IDNameCreated DateStatusType
370Longitudinal MRI Study of Infants at Risk for Autism08/11/2015ApprovedfMRI

Collection Owners and those with Collection Administrator permission, may edit a collection. The following is currently available for Edit on this page:

Shared Data

Data structures with the number of subjects submitted and shared are provided.

Autism Diagnostic Interview, Revised (ADI-R) Clinical Assessments 350
Autism Diagnostic Observation Schedule (ADOS)- Module 1 Clinical Assessments 312
Autism Diagnostic Observation Schedule (ADOS)- Module 2 Clinical Assessments 34
Autism Diagnostic Observation Schedule, 2nd Edition (ADOS-2) - Module 1 Clinical Assessments 63
Autism Diagnostic Observation Schedule, 2nd Edition (ADOS-2) - Module 2 Clinical Assessments 2
Autism Observation Scale for Infants Clinical Assessments 481
CHARGE Medical History Clinical Assessments 487
CHARGE Physical Exam Clinical Assessments 370
CSBS DP Behavior Sample Clinical Assessments 420
Early Development Interview Clinical Assessments 479
First Year Inventory Clinical Assessments 375
Height and Weight Clinical Assessments 485
Image Imaging 456
Infant Behavior Questionnaire Revised Clinical Assessments 449
M-CHAT Clinical Assessments 17
MacArthur-Bates CDI - Words and Gestures Form Clinical Assessments 420
Modified Checklist for Autism in Toddlers (M-CHAT) Clinical Assessments 2
Mullen Scales of Early Learning Clinical Assessments 519
Prefrontal task Clinical Assessments 301
Repetitive Behavior Scale - Revised (RBS-R) Clinical Assessments 422
Research Subject Clinical Assessments 934
Sensory Experiences Questionnaire Clinical Assessments 417
Social Communication Questionnaire (SCQ) - Current Form Clinical Assessments 134
Social Communication Questionnaire (SCQ) - Lifetime Clinical Assessments 282
Vineland-II - Survey Form (2005) Clinical Assessments 832

Collection Owners and those with Collection Administrator permission, may edit a collection. The following is currently available for Edit on this page:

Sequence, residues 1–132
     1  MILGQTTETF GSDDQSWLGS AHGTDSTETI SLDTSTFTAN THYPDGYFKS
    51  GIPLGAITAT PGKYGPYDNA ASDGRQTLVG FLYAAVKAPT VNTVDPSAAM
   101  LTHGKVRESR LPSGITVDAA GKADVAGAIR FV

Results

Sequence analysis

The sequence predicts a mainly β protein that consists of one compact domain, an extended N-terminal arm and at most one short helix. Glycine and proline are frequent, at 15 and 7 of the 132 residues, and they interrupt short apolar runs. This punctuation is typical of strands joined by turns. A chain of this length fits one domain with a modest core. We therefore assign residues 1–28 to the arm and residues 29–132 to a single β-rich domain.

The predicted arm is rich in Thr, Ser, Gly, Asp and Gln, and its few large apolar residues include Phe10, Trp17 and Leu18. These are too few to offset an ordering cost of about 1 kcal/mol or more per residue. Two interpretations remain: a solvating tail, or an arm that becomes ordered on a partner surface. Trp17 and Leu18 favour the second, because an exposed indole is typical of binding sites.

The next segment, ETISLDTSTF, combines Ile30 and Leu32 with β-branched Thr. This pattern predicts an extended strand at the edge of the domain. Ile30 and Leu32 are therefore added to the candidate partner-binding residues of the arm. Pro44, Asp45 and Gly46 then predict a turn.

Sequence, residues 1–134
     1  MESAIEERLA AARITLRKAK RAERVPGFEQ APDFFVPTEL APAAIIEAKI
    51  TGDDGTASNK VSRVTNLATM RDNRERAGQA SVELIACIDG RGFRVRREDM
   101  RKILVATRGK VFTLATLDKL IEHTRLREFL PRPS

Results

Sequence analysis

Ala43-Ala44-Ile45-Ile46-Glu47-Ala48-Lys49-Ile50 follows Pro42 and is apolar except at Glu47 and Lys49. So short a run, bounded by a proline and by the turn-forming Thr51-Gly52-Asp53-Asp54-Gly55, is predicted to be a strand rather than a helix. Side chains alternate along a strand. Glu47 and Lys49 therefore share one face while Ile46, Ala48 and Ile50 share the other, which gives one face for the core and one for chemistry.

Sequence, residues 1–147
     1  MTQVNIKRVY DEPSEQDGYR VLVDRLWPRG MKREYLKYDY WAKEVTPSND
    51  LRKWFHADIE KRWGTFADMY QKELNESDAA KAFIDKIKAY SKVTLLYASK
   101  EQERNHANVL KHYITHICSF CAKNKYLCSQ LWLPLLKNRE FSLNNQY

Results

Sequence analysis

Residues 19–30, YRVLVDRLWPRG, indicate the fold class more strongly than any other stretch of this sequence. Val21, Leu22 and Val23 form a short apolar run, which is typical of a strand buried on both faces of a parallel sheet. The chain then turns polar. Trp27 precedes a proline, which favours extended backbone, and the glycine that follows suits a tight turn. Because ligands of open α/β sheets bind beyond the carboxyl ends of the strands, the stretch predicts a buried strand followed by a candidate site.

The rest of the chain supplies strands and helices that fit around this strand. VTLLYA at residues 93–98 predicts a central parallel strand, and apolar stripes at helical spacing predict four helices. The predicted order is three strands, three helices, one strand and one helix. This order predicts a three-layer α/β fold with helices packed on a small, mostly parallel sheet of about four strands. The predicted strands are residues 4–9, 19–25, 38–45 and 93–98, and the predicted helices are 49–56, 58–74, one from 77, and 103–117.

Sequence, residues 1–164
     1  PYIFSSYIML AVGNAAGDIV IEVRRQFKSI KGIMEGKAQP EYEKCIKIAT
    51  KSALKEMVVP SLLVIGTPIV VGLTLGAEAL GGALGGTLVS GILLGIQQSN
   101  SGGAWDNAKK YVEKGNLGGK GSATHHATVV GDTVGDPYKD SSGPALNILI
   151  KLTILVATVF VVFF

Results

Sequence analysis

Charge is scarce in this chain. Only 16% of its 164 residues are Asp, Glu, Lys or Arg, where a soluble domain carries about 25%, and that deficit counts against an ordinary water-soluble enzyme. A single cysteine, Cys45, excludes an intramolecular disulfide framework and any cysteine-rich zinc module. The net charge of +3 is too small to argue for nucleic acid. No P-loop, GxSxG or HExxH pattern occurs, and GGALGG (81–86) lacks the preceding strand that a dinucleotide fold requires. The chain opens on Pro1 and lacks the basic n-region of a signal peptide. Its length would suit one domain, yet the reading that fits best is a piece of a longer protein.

Publications

Publications relevant to NDA data are listed below. Most displayed publications have been associated with the grant within Pubmed. Use the "+ New Publication" button to add new publications. Publications relevant/not relevant to data expected are categorized. Relevant publications are then linked to the underlying data by selecting the Create Study link. Study provides the ability to define cohorts, assign subjects, define outcome measures and lists the study type, data analysis and results. Analyzed data and results are expected in this way.

PubMed IDStudyTitleJournalAuthorsDateStatus
35485579Create StudyExamining the factor structure and discriminative utility of the Infant Behavior Questionnaire-Revised in infant siblings of autistic children.Child developmentSung, Sooyeon; Fenoglio, Angela; Wolff, Jason J; Schultz, Robert T; Botteron, Kelly N; Dager, Stephen R; Estes, Annette M; Hazlett, Heather C; Zwaigenbaum, Lonnie; Piven, Joseph; Elison, Jed T; IBIS NetworkApril 29, 2022Not Determined
34708871Create StudyInfant vocalizing and phenotypic outcomes in autism: Evidence from the first 2 years.Child developmentPlate, Samantha; Yankowitz, Lisa; Resorla, Leslie; Swanson, Meghan R; Meera, Shoba Sreenath; Estes, Annette; Marrus, Natasha; Cola, Meredith; Petrulla, Victoria; Faggen, Aubrey; Pandey, Juhi; Paterson, Sarah; Pruett Jr, John R; Hazlett, Heather; Dager, Stephen; St John, Tanya; Botteron, Kelly; Zwaigenbaum, Lonnie; Piven, Joseph; Schultz, Robert T; Parish-Morris, Julia; IBIS NetworkMarch 1, 2022Not Determined
34368815Create StudyA framework to construct a longitudinal DW-MRI infant atlas based on mixed effects modeling of dODF coefficients.Medical image computing and computer-assisted intervention : MICCAI ... International Conference on Medical Image Computing and Computer-Assisted InterventionKim, Heejong; Styner, Martin; Piven, Joseph; Gerig, GuidoJanuary 1, 2020Not Determined